Ennui worked with orthopaedic specialists to develop this wrist guard, and have added high quality Kevlar to create an extremely durable and comfortable product. The lacing system provides a great fit, and are a popular wrist protection choice.

These are another great wrist guard option, which have a permanent splint, preventing slippage and providing extra protection. They are also slim fitting and durable, suited to a wide range of skating activities.

If you are looking for a more entry-level pad, then the Triple 8 Wrist Saver is probably the way to go. They offer suitable protection for most activities, however use a more traditional plastic splint system, so are not as stable or durable as the higher end options.

Knee Pads:

The S1 Pro pads are made of military grade ballistic nylon, and are incredibly tough. The Gen 3 model has more sizing options than previous models to allow for an even better fit. These are especially good for derby and outdoor skating, but suitable for any skating activity, for those who want to take extra care of their knees.

The 187 Pro Derby pads are specifically designed for the rigorous game of roller derby, and have less bulk, but still maintain high-level protection. They also have removable foam for easy washing, and getting rid of that derby stench. However, these aren’t just good for derby, they provide a good level of protection for any type of skating, however may still be a little bulky for dance and recreational skating.

These 187 Fly pads are a less bulky option, but do not offer adequate protection for roller derby. They are better suited to those who don’t fall on their knees regularly.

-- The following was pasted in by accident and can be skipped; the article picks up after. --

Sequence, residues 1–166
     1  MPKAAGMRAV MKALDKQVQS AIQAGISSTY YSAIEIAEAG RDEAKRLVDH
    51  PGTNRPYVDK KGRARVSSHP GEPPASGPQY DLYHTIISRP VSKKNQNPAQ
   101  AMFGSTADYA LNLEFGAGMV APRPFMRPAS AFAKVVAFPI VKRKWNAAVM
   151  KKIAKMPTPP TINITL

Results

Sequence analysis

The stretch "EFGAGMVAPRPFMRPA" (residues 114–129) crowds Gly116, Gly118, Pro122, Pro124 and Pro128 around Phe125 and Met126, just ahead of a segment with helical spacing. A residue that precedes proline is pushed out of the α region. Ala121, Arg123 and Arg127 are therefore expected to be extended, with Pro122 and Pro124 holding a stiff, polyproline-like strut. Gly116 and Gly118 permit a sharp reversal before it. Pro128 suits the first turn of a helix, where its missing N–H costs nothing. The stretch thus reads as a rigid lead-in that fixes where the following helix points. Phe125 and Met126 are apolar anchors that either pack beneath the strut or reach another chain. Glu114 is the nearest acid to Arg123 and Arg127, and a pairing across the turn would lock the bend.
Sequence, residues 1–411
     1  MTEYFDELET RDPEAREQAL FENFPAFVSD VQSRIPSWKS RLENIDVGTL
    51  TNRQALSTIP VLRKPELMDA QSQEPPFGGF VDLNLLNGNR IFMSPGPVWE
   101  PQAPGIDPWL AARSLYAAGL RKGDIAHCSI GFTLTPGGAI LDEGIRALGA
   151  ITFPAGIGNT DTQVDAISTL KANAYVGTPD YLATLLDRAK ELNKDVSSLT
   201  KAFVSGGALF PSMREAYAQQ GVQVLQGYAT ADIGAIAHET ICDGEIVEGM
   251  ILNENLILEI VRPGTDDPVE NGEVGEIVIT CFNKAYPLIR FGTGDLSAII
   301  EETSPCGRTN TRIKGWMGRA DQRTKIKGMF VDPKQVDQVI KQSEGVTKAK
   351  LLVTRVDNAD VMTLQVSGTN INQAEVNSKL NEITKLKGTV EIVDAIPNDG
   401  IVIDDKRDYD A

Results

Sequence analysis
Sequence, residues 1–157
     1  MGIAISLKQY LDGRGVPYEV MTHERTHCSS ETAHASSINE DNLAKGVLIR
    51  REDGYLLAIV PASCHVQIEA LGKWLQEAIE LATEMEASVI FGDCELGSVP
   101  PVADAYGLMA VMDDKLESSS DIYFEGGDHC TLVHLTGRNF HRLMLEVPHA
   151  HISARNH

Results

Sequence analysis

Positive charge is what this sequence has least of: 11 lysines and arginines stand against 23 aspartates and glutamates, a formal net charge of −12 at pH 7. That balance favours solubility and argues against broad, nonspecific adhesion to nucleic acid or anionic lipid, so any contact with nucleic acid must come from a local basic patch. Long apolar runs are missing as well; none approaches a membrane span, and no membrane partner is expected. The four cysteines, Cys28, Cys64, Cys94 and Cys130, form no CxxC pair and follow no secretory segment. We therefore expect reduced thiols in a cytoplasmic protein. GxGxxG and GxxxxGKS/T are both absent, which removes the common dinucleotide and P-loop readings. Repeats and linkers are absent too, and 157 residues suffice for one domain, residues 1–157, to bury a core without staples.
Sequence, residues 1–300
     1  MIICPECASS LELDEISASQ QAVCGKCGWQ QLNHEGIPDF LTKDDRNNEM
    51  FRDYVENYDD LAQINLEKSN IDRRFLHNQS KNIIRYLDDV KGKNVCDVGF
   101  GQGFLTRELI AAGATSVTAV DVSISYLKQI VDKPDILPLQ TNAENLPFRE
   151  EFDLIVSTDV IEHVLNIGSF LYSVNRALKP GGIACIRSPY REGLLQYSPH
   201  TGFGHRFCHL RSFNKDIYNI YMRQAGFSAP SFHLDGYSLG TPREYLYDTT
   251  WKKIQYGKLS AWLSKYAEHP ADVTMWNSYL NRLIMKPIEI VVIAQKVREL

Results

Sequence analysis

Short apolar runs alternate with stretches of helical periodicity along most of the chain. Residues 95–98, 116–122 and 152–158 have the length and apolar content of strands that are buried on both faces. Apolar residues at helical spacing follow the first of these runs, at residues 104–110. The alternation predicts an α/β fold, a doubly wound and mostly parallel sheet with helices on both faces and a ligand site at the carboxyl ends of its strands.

Elbow Pads:

These pads are heavy duty and comfortable for all types of skating. The seamless interior provides ultimate comfort, and the industrial stitching means they will last a long time.

187 Slim Elbow Pad
With all the benefits of the 187 standard elbow pads, the slim version are streamlined in shape for increased mobility.

Triple 8 Elbow Pads
These entry-level pads offer adequate protection for most disciplines, and will soften the blows of falling on your elbows. Especially suitable for beginners not wanting to invest in higher level pads.


Wrist, Knees and Elbows
New to Skating and on a tight budget entry-level combo pads offer adequate protection for non contact disciplines, and will soften the blows of falling. Especially suitable for beginners not wanting to invest in higher level pads. We recommend the Triple 8 Saver Series, Smith Scabs Tri Packs or the 187xMoxi Pads.Each of these packs come in different colours and price difference reflects the quality of the pads.

While there are lower coverage pads on the market, they don’t offer adequate protection, which can often result in injury, so we don’t recommend using them. We recommend sticking with known and reputable brands that are specifically designed for skating and other action sports.

At the end of the day, taking the right precautions for your safety will mean a longer and happier life on roller skates!